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Volume 96, Issue 99
Friday April 4, 2003
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GAZETTE ALUMNI SOCIETY

TODAY'S COMIC

WEEKEND EDITION
LAST UPDATED: Friday April 4, 2003 - 3:30 p.m.

Varsity Athletics: fighting for survival

Walking through the baron bowels of Alumni Hall, you will pass a row of squash courts whose doors are locked, lights are turned out and windows are hermetically sealed. The rationale behind the court's condemnation is that no one has anted up for their occupancy fees.

Many would assume the Alumni Hall squash courts to be the home of the dynastic Western men's squash team, but the Mustangs have not used the facilities since 1994, despite paying the occupancy fees for the courts until this year.



Western solicited to overturn USC Dental Plan

Western's Campus and Community Affairs Committee debated the merits of the University Students' Council dental plan referendum last night, bringing into question whether the university should interfere in the implementation of USC fees.



Indie voices on the war in Iraq

As the war in Iraq continues, the public is bombarded with information from a wide variety of media sources. The Gazette decided to examine electronic, independent media outlets and present an overview of the current perspectives these sources offer.



Wham, SPAM, no thank you man

Everyone hates SPAM. Not only does it look, taste and smell horrible, it also sucks to get it in your inbox.

In a move contrary to the Acceptable Use Policy of Western's Information Technology Services, several students recently used Western mailing lists to advertise their sublets, rental availabilities and furniture for sale.

 


Western debates legality of war

As the war in Iraq rages on, so does national and global debate. Yesterday, Western played host to a forum discussing the war's ongoing implications.

"Canada, the United Nations and the war in Iraq," a forum hosted by Western's Muslim Students' Association, invited Western law professor Michael Lynk and education professor Rebecca Coulter to share their views on the Iraqi war.

 

MORE NEWS HEADLINES:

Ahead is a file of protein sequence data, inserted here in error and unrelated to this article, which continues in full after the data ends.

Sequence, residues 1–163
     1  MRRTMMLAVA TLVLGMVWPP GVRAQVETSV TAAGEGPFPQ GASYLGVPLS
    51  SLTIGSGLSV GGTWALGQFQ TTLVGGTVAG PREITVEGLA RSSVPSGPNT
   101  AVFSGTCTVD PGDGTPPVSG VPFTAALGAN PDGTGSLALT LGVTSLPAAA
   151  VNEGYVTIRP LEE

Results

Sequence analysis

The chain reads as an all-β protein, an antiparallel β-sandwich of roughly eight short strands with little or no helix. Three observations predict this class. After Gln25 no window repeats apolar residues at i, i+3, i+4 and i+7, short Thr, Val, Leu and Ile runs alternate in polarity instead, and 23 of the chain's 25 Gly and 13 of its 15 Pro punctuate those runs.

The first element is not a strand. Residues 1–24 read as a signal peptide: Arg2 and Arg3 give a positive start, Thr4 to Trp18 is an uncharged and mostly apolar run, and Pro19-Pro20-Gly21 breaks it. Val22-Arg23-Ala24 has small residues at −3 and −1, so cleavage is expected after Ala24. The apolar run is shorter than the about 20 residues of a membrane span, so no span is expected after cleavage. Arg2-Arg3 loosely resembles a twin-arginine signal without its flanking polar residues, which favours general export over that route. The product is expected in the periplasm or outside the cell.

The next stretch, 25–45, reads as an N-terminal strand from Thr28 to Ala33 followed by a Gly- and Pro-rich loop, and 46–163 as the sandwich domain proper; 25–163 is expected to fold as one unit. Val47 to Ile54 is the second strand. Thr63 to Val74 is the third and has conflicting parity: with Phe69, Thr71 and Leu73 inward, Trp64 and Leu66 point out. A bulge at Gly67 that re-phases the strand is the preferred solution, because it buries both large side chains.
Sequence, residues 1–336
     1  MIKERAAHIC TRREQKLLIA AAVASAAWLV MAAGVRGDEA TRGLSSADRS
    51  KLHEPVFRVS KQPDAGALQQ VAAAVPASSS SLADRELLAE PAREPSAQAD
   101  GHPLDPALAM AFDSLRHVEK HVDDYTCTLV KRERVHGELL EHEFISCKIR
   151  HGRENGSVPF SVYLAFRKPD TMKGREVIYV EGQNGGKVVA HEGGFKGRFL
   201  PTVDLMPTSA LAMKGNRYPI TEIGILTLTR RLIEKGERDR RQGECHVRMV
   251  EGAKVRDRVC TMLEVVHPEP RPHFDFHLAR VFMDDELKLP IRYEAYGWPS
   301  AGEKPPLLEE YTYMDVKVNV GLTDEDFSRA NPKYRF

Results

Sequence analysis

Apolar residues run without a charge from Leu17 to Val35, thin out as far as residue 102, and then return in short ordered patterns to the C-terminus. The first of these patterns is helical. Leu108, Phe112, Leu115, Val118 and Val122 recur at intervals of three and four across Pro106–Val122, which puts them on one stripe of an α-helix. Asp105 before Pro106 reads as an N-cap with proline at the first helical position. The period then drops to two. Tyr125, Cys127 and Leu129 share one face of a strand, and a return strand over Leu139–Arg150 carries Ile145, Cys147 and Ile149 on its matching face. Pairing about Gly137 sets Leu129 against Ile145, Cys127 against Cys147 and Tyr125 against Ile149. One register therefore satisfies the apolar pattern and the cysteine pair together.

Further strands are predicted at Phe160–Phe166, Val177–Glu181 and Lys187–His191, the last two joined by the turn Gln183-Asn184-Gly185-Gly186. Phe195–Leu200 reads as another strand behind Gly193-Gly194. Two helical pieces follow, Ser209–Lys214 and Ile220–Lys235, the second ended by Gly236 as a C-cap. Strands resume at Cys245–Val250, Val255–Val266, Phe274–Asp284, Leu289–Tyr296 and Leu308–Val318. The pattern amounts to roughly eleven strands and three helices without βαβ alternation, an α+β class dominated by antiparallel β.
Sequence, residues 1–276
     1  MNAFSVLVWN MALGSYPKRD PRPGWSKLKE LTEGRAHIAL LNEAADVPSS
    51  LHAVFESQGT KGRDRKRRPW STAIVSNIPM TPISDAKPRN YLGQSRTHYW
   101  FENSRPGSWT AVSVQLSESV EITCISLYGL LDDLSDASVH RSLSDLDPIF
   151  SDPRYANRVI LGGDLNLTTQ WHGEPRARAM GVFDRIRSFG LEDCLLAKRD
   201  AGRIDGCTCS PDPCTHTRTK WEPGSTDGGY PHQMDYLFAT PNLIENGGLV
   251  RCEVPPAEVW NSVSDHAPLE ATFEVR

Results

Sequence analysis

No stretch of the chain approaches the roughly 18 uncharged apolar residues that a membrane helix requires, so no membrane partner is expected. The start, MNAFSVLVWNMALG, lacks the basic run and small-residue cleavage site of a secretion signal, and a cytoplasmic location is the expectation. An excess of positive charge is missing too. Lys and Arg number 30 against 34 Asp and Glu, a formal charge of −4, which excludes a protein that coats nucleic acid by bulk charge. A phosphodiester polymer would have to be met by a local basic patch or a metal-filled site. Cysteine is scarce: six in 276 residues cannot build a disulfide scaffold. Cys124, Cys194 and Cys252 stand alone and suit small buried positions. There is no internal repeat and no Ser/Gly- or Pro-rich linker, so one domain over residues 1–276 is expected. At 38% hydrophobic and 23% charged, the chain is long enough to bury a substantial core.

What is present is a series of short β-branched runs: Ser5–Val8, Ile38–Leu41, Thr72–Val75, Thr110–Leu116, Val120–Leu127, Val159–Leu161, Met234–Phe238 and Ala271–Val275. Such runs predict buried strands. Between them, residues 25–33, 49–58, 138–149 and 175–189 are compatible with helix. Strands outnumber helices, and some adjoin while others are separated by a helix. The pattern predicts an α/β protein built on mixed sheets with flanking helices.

> NEWS FOR DUMMIES: War, SARS and beaver punching
> Iraqi War: roundup
> Teacher testing critiqued
> SATIRE: Saddam's birthday

> News Briefs

 

It is with great sadness that The Gazette announces the passing of our beloved mascot Pedro the Gnome.
Pedro is survived by his wife Juanita and approximately 764 children scattered over the Earth over his long, fruitful lifetime.

He worked by turns as a gatekeeper, jockey, novelist and shoe model. Pedro spoke nine languages and enjoyed travel, gardening and bird watching.

His fondest dream was to one day meet the Keebler elves, and we’re sure that wherever he is now, they’re welcoming him with delicious snack crackers.

The editor-in-chief of The Gazette has been hospitalized and sedated due to grief, and is expected to return to work next week.


Beth Kerim/Gazette

ARTS & ENTERTAINMENT

Rejects rock out the All-American way

They may call themselves rejects, but Oklahoma's pop-rock quartet The All-American Rejects are gaining ground as America's newest pop sensations.



MORE A&E HEADLINES:

>
Campus Music Explosion invades The Spoke
> CONCERT REVIEW: Taking Back Sunday took over last Sunday
> Where's Chip?: Stop spouting crap!
> CD REVIEW: All-Skanadian Club 4: The Best in Canadian Ska
> Wiggity wack: Local DJs rise up at The Wave
> OUTSIDE THE BOX: Le Placard

SPORTS

The Gambling Man
Avalanche over Care Bears?

Just over two months since his ejection from the Super Bowl for what authorities called "an unfortunate incident involving Tampa Bay Buccaneers coach Jon Gruden, a can of cannola oil, a bearskin rug and four pounds of ground beef," the Gambling Man returns for the looming NHL playoffs.

MORE SPORTS HEADLINES:
> Beyond the arc: Shaq attack might get wacked
> College forever: No sour grapes; raise a Bubba to Don for his worthy cause

CAMPUS & CULTURE

Two students love doing it all night long

All-nighters can be long, lonely and incredibly stressful.

This we all know, but what exactly happens during these long cramming sessions and how much work really gets done? The Gazette’s Nicole D’Cruz and Ila Seegobin took up the challenge of pulling an all-nighter for both academic and journalistic purposes. The rule: stay up all night. The catch: actually get some studying, research and/or essay writing done. Everything else is fair game; whatever tactics needed to stay awake are allowed. The only other rule: write a log of the night’s events.

MORE C&C HEADLINES:
> Doctors say sleep or be stupid
> Are students studying right?

SMOKER OF THE WEEK

If you couldn’t tell by his flowing locks and dreamy eyes, our Smoker of the Week is none other than Gazette Editor-in-Chief Chris Lackner. Chris began smoking in the name of love — seriously. See, when he was 15-years-old, he worked at a summer resort and fell in love with an iron-lunged young lady. Chris feared if his crush ever found out his lungs were pure as the driven snow, they could never share a life together. He returned home to London that winter and puffed up a storm, determined to woo his sensual smoker the next summer. But alas, upon his return, he found out she failed Grade 10 general math and had to go to summer school. To this day, he longs for her sweet smokin’ kiss.

Smokin Stats:
Number of student newspapers run into the ground: 1
USC dollars in Gazette budget spent on Players: $6,342
Number of Gazette staffers who wish Chris well at The National Post: All of them... awwwww.


© 2002 THE GAZETTE